Painting

Painting: A flurry of Necrons

Warhammer 40K blog

One of five Canoptek Spyders that have joined my growing Necron army. Some are very old metal models picked up at a hobby convention’s flea market, but they’ll still kill Imperial Guard just fine.

TheGM: With my weekly gaming club on hiatus, my hobby activities have been limited to painting and solo gaming. To stay in touch with everyone, one club member started posting his painting output and encouraging others to do the same.

So, as I love to paint, my output in the last three weeks have been pretty high. It’s also been dangerous for the denizens of the Corvus Cluster. I’ve been focusing on Necrons.

I started my Necron army years ago. But, as I was struggling to stay ahead of The Gaffer’s growing ork army (dakka, dakka), my cybernetic warriors always were the lowest of priorities. Usually, I pulled out a  unit or two when I went to the beach—a small project to work on when I wasn’t being lazy in some other manner.

Warhammer 40K blog

A Battle Ark, Doomsday Ark, Annihilation Barge, Doom Scythe, five Canoptek Spyders, and six Immortals—all picked up at flea markets at ridiculous prices and most already primed or painted.

But my collection did grow. I managed to finish off three squads of warriors, some Tomb Blades, Wraiths, a Catacomb Command Barge, Triarch Stalker, and Night Scythe. I was getting there.

Then, three weeks ago, I pulled out a unit or two while I was waiting for some newly primed Space Marines to dry. The two units were finished so quickly that I said, “Hey, you know what, I think I could get to 2,000 points if I just put ia week or two into it.”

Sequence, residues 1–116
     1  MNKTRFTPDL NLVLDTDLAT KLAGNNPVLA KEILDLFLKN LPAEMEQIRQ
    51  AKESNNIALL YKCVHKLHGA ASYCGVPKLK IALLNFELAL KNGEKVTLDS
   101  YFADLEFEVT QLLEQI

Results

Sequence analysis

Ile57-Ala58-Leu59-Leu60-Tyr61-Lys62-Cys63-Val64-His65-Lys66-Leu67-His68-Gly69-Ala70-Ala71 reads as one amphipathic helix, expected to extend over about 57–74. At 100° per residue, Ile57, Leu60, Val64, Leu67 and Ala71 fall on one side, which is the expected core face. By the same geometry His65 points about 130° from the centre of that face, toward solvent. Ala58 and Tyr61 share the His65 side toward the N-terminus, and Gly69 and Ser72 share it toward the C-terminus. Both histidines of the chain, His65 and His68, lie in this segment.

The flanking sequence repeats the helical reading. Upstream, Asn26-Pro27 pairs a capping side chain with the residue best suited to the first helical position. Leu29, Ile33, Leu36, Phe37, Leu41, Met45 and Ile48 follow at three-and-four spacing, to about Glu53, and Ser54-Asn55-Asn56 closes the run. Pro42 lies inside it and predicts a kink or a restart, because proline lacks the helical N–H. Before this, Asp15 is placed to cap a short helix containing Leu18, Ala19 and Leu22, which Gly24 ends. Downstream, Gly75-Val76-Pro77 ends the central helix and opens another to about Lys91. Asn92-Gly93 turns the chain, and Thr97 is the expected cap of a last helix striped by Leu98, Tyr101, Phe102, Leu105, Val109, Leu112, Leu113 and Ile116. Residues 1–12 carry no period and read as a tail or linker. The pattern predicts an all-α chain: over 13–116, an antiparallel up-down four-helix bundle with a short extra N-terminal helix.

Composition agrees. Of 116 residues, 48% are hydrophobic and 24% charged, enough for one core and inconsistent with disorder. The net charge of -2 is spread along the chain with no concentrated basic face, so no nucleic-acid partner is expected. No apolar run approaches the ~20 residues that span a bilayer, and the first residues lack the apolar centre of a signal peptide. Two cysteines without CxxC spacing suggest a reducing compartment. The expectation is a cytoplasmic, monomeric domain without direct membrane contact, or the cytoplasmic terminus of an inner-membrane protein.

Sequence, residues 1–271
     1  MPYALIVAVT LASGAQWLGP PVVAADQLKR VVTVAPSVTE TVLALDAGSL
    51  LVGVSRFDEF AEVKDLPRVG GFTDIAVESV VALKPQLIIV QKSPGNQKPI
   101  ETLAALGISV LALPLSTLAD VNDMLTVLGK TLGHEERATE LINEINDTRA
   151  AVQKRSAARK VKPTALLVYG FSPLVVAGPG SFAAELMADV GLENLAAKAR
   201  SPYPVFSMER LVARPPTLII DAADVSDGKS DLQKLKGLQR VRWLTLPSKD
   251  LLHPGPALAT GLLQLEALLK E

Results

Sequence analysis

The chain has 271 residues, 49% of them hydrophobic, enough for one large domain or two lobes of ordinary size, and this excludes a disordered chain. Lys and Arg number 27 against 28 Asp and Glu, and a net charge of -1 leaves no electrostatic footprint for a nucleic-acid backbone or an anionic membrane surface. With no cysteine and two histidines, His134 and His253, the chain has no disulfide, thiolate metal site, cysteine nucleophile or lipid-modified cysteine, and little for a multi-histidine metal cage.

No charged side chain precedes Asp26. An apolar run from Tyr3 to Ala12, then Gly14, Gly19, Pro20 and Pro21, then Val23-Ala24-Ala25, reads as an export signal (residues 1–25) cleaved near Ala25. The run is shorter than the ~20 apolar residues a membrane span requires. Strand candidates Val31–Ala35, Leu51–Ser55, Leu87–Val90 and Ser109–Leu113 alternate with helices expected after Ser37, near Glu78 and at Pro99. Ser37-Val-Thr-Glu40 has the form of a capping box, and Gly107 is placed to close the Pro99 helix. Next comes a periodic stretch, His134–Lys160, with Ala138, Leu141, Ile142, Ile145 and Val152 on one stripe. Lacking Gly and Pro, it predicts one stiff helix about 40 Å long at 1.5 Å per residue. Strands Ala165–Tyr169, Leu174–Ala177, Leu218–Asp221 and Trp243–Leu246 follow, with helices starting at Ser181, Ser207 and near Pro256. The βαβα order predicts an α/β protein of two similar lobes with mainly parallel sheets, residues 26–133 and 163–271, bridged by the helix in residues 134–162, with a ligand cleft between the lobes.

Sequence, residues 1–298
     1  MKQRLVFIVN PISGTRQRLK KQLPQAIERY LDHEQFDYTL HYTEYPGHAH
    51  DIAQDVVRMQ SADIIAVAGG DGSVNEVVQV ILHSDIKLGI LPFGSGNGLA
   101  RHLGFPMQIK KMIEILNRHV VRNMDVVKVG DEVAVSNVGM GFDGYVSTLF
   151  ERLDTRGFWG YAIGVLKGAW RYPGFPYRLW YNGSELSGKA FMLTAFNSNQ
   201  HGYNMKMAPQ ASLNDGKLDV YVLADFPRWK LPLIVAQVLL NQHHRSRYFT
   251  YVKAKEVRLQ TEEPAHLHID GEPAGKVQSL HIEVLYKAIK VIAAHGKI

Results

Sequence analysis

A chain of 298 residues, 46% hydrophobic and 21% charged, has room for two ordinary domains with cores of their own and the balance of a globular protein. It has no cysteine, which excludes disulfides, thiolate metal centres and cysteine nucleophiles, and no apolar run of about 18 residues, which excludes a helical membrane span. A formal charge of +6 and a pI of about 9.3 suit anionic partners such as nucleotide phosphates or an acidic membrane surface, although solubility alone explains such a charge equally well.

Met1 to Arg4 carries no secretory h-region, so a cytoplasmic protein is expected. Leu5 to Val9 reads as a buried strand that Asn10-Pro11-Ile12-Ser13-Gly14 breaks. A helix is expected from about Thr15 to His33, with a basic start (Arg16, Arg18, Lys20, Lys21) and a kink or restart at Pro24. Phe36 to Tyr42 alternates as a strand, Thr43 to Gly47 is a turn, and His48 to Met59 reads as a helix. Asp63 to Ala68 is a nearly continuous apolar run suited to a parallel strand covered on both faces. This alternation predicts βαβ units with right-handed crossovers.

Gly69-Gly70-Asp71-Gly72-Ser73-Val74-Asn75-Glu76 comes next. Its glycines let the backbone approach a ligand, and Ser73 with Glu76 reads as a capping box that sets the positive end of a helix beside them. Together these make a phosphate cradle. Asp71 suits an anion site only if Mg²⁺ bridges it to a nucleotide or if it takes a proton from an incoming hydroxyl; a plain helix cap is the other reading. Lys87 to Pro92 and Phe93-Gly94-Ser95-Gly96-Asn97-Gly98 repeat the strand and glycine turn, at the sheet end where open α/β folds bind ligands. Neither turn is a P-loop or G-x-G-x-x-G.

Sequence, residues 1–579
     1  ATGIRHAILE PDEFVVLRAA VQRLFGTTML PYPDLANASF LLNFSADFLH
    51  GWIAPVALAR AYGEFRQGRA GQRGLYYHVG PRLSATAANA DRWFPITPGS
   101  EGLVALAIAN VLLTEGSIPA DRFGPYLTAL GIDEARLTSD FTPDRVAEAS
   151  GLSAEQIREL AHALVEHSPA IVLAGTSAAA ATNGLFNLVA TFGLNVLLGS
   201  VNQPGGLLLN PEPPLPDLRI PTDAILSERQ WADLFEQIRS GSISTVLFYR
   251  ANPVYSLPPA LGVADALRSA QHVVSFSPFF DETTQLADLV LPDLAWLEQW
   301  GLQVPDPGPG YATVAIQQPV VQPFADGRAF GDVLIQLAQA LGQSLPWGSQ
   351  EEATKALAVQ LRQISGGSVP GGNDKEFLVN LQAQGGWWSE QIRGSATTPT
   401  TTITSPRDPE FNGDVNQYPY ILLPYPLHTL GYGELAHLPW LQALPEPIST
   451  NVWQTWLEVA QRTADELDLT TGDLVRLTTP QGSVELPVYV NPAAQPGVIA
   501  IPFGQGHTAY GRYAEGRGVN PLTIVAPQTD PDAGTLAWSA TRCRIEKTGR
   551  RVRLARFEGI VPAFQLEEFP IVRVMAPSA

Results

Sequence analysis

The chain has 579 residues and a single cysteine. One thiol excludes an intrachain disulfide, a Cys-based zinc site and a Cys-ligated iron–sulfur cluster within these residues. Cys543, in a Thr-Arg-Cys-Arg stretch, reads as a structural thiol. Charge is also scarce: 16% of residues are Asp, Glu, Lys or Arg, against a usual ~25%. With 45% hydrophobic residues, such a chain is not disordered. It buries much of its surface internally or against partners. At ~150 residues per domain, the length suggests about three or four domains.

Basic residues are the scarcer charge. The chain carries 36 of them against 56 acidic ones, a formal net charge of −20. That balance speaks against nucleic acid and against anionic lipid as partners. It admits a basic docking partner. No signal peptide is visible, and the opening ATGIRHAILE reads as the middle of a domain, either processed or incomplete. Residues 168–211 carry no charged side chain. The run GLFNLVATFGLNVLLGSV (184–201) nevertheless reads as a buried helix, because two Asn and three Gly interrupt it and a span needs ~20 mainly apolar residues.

Warhammer 40K blog

These Immortals were painted okay, but I touched them up a bit so that their color scheme matches some Immortals I painted out of the box.

It helped that I had a lot of stuff built and primed. I go to conventions of the HIstorical Miniatures Gaming Society (HMGS), where I often find gamers selling off old stuff that they no longer use. Often, the miniatures are painted or at least primed, and the prices are as low as 20 percent of the retail price.

So I had a Ghost Ark, Doomsday Ark, Annihilation Barge, a Doom Scythe, some Immortals, and Canoptek Spyders ready to go. Three weeks later, they were all done.

Now, as I’ve said before, I’m a paint-by-the-numbers guy. My stuff is usually neatly painted, but there’s nothing special about it. But, at three feet away, the miniatures look pretty good on the table.

Warhammer 40K blog

I’m looking forward to seeing what an Annihilation Barge can do. I’m sorry the photos do do the model justice.

The Necrons are a great army to paint. I prime them with Leadbelcher. To break up the silvery blandness, I paint some parts of larger models with a mix of Abaddon Black and Rhinox Hide (the Rinox Hide softens the black), and I touch up the details with reds and greens. Simple, effective, although not always fast, as I cannot resist painting lots of details to help them stand out.

The enclosed photos aren’t great. I’m really busy in retirement: computer games, painting, making terrain, writing this blog, generally lazing about.

Warhammer 40K blog

Ranks of Necron warriors rest silently as a Ghost Ark prepares to take them into battle.

But I wanted to join in with my club’s sharing of photos, and I figure that this part of the hobby is part of the Corvus Cluster story, too. After all, now that I have a solid 1,500 to 1,800 army list, the Necrons of the Dryillian Quarantine Zone are going to become a whole lot more active.

Indeed, I feel the need for a solo battle in my near future . . . just to get a feel for what my new army can do. (Insert evil laugh here.)

The Corvus Cluster is a Warhammer 40K blog documenting our gaming adventures in the fantastical sci-fi universe of Games Workshop.

Categories: Painting

Tagged as:

1 reply »

  1. Wow, I knew you would paint up a lot of figures. I do about 3 stands of figures a week and you do an army. What a painter you are. Nice Necrons glad I don’t have to face them.

    Like

Leave a Reply

Fill in your details below or click an icon to log in:

WordPress.com Logo

You are commenting using your WordPress.com account. Log Out /  Change )

Google photo

You are commenting using your Google account. Log Out /  Change )

Twitter picture

You are commenting using your Twitter account. Log Out /  Change )

Facebook photo

You are commenting using your Facebook account. Log Out /  Change )

Connecting to %s

This site uses Akismet to reduce spam. Learn how your comment data is processed.